Is this or something similar happening to you? Is your study process easy and straightforward or are there any barriers that should be removed?

Go now through each category answering the following questions to choose your resources.


Where are you going to get your vocabulary from? Where do you store the words? Is it easy to access? Can you access your to-learn list now in less than a minute?


Where are you going to learn your grammar lessons? Is it a book? A website? How fast can you access it? Where are you going to practice the grammar? Will it be in the same book? Or on printed grammar sheets?


Where is the list of your reading resources? Are you sure it is the right level for you? Will you be able to push through even when you’re exhausted from work?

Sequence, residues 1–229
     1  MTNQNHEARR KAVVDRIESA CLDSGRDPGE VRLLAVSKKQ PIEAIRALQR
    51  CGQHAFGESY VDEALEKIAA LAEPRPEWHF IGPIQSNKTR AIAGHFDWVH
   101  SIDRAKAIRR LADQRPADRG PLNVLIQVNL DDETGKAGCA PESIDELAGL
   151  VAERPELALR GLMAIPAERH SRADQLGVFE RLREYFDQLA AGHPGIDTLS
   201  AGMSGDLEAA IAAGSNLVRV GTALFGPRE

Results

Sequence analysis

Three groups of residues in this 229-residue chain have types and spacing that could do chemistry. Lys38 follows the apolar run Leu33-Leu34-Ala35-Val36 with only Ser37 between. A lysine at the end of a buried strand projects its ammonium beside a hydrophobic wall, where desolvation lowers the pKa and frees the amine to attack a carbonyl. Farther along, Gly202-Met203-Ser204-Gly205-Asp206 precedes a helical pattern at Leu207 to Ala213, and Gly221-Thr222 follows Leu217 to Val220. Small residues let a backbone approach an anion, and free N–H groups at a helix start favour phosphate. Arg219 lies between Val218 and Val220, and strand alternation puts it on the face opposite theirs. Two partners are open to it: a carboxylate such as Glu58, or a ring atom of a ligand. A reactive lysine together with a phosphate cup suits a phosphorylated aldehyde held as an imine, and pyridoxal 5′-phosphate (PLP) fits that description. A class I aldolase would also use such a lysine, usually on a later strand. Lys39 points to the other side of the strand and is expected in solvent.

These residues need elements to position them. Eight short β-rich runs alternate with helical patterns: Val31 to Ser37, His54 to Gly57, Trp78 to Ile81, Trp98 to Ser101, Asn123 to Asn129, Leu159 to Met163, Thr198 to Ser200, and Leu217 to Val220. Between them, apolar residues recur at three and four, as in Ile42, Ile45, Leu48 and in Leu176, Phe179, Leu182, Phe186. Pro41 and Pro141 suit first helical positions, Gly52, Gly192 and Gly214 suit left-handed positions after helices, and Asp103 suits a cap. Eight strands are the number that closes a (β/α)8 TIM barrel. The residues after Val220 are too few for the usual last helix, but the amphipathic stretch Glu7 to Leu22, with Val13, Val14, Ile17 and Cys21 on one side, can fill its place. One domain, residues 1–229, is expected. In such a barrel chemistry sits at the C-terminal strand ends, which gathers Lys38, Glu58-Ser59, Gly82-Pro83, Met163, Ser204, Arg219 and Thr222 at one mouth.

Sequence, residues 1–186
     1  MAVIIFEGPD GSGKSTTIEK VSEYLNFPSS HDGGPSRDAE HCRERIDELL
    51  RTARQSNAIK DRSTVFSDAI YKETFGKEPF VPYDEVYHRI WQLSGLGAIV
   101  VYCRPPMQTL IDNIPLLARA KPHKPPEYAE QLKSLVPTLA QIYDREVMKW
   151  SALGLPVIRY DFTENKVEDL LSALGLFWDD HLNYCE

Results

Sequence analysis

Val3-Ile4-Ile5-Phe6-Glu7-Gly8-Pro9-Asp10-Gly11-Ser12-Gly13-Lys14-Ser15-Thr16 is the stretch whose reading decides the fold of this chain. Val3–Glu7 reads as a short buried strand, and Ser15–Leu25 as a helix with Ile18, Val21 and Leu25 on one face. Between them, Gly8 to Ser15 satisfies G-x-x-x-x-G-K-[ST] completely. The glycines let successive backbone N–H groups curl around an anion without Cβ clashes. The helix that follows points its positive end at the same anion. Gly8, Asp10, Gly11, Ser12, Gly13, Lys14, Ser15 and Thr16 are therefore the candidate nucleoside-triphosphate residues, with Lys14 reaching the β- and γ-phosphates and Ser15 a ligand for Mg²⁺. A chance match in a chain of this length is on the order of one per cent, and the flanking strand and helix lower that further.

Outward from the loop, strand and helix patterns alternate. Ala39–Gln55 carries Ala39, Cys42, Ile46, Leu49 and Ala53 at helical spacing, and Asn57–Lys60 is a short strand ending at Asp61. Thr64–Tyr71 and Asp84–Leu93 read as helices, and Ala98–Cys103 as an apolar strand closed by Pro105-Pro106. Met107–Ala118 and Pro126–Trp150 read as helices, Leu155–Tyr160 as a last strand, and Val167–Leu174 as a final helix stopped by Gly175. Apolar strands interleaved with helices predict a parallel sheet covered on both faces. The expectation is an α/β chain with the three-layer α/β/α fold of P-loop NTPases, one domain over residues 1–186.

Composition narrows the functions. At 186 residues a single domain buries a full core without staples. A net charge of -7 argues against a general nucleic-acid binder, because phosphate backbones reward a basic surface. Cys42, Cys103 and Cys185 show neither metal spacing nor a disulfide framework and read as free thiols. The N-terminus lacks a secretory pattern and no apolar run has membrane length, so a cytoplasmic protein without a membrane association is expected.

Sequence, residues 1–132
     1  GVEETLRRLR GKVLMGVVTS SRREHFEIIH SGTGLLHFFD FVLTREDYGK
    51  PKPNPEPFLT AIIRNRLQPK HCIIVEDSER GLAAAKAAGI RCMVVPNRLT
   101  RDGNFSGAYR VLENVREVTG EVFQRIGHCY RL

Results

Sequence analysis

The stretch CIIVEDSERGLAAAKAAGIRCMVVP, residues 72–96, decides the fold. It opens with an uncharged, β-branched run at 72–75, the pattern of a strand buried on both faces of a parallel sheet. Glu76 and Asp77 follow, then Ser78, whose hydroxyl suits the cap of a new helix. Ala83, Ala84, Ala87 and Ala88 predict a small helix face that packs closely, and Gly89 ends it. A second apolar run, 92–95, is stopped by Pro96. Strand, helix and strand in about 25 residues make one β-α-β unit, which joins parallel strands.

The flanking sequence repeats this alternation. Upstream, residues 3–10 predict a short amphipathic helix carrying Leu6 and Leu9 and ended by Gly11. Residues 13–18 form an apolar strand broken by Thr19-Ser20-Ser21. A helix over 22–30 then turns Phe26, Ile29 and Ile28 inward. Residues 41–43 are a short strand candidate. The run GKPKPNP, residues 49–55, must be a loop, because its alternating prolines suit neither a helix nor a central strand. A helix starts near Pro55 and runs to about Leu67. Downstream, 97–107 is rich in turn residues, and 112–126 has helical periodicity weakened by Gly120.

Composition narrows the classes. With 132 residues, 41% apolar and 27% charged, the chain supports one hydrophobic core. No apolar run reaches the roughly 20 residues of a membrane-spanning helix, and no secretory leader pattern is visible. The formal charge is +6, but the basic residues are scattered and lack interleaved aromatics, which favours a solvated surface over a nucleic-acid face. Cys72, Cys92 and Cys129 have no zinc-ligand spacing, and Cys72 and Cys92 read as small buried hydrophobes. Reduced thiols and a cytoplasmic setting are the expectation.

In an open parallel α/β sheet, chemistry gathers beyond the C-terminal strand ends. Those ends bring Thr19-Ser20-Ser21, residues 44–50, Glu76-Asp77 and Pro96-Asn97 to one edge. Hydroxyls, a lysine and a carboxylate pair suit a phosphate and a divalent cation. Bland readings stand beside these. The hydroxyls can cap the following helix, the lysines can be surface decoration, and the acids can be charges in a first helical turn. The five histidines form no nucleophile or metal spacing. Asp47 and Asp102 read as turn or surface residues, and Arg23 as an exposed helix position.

Where is the list of your listening resources? Is it the right level for you? Will you be able to concentrate on them even when you’re tired?


Where are your writing prompts? Where are you going to write? Do you have a virtual folder? Or is it a physical notebook?

If you need more tips or inspiration visit the German Resource Library.

Using resources

There is another problem we could encounter. Just having our resources well researched and chosen doesn’t mean our lazy selves can’t still get in our way.

We have to actually stick to them. That’s why it’s so important to choose your resources well beforehand: to disarm our lazy self and their arguments.

Because when it’s finally time to sit down and do the work your lazy self will object with something along these lines: